When confronted with the notion of asexuality, most people are baffled by the idea of a life devoid of sexual attraction.
But that's rapidly changing, in society and in academia, thanks in part to Stanford scholar Karli Cerankowski. A lecturer in Stanford's Program in Writing and Rhetoric, Cerankowski's research and activism has made strides toward designating asexuality as an academic discipline.
Cerankowski, who received her PhD from Stanford's Program in Modern Thought and Literature last year, emphasizes social discourse and de-pathologization of sexual orientation.
In her dissertation about the ways asexuality is misunderstood in American culture, Cerankowski traced "the history of the creation of sexual categories" through an extensive study of text and media from pop culture as well as historical works, including collections of sexology texts in the Stanford University Libraries.
Cerankowski says that "society has normalized certain levels of sexual desire while pathologizing others. In a sense, it's the social model that's broken, not asexuals."
Although sex and sexuality are centralized, prized aspects of our culture, Cerankowski says that "if we recognize the diversity of human sexuality, then we can understand that there are some people who just don't experience sexual attraction or have a lower sex drive or have less sex, and that doesn't mean there is something wrong with them."
Cerankowski and her co-editor, Megan Milks, recently published Asexualities: Feminist and Queer Perspectives, the first collection of essays on asexuality – and the second book ever to be written on the topic.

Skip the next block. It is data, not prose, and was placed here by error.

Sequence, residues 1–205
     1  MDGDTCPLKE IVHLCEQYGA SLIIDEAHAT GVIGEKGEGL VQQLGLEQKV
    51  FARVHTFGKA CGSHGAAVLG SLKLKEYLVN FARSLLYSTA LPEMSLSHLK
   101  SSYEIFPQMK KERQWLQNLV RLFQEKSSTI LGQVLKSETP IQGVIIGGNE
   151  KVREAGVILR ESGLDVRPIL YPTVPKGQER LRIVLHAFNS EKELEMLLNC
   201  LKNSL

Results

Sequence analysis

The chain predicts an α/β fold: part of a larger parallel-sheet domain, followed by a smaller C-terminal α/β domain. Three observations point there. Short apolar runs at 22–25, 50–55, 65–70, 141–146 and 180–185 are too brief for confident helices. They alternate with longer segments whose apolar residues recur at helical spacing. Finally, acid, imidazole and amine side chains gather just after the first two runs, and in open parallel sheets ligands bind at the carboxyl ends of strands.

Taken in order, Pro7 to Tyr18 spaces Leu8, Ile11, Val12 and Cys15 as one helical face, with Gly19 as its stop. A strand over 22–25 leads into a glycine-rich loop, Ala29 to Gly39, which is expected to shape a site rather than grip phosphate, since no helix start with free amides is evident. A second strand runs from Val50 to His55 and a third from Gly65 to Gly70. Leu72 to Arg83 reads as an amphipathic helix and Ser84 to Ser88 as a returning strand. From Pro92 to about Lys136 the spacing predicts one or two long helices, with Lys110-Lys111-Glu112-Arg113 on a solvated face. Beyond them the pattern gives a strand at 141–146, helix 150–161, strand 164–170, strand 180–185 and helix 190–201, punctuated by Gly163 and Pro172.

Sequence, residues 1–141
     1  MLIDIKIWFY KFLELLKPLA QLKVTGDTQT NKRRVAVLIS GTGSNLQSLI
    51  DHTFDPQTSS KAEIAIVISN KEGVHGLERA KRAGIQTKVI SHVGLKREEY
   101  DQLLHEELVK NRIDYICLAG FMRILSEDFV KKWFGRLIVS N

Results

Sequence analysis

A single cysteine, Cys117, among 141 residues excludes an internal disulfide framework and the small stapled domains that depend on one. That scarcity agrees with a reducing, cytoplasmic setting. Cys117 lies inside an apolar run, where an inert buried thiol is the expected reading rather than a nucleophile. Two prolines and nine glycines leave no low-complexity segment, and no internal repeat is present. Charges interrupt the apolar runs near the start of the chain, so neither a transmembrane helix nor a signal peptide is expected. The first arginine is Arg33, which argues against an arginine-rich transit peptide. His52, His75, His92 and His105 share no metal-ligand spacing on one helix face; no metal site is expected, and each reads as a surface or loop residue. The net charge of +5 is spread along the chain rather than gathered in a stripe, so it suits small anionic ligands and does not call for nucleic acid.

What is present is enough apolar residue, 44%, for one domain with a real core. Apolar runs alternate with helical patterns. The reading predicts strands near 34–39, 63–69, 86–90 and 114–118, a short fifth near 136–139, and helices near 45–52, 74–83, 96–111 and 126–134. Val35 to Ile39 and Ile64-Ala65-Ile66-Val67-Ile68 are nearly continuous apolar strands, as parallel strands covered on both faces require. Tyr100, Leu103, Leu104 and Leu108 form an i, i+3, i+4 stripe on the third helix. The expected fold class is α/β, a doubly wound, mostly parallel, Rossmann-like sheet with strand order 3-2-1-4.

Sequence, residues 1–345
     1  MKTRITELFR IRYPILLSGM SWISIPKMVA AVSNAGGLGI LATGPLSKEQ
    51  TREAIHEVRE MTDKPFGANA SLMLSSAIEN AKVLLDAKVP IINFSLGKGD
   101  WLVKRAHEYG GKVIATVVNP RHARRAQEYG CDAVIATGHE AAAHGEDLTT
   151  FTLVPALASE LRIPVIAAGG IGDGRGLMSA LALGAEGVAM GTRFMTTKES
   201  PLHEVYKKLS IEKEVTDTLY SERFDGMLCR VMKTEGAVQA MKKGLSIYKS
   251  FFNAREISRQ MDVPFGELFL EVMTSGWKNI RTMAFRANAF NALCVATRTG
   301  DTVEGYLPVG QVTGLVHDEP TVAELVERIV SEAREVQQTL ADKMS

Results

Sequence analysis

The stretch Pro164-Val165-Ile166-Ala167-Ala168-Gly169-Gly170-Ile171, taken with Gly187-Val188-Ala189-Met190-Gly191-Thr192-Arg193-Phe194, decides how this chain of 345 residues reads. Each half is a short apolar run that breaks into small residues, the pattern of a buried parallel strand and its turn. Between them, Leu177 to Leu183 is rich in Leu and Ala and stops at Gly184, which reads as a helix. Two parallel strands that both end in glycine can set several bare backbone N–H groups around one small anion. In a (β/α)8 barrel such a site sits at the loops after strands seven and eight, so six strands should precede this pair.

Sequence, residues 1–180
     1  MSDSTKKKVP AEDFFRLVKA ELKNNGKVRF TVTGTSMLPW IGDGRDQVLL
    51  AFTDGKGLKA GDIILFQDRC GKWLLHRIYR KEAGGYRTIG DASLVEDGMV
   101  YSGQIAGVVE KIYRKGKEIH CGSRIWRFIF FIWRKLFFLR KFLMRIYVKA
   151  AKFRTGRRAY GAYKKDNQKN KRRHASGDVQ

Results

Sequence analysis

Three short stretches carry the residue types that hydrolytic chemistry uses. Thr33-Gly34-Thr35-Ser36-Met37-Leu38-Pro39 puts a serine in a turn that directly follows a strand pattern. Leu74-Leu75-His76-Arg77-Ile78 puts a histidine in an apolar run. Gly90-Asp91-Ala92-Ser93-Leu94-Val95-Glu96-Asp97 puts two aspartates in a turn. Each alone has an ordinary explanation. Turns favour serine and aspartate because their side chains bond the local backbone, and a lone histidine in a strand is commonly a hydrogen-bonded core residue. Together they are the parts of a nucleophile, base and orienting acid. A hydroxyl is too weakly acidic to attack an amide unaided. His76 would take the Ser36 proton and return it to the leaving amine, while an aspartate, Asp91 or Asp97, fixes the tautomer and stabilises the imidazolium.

Asexualities is academic in its approach, and contributors from a variety of disciplines pursue the subject through scientific, sexological, psychoanalytical and political models.
Science takes a back seat to the human experience in the introduction of the book, where Cerankowski and Milks each share personal anecdotes. Cerankowski details her own perplexing identity journey, spanning her identification as celibate to her establishment in the queer community. She recounts later finding some resonance upon exploring the small world of asexuality, but realizing that current definitions needed to be complicated and the parameters loosened.
Cerankowski's own research reveals that people are capable of obtaining just as much contentment from other areas of life, and complete gratification in life doesn't necessarily include sexual gratification.
"We sort of prioritize sexual pleasure and sexual fulfillment in our lives, but we can think about the other ways that people experience intense pleasure, like when listening to music," Cerankowski says.
Cerankowski's studies of asexuality found their home under the expansive umbrella of queer and sexuality studies, which she says assists in the acceptance of asexuality as a legitimate sexual orientation.
In 2010, Cerankowski and literary scholar Megan Milks speculated on the creation of "asexuality studies" as an academic field in an article they co-authored for Feminist Studies. And now, just five years later, Cerankowski says asexuality studies is becoming more recognizable as an academic field of study.
"We argued in our article, and I still argue, that approaching the study of asexuality from a queer and feminist perspective can be an enriching endeavor," Cerankowski says. "Not only can we use those theoretical and methodological tools to understand and theorize asexuality, but asexuality can also shift those frameworks and get us to think about queerness and sexuality in new and exciting ways."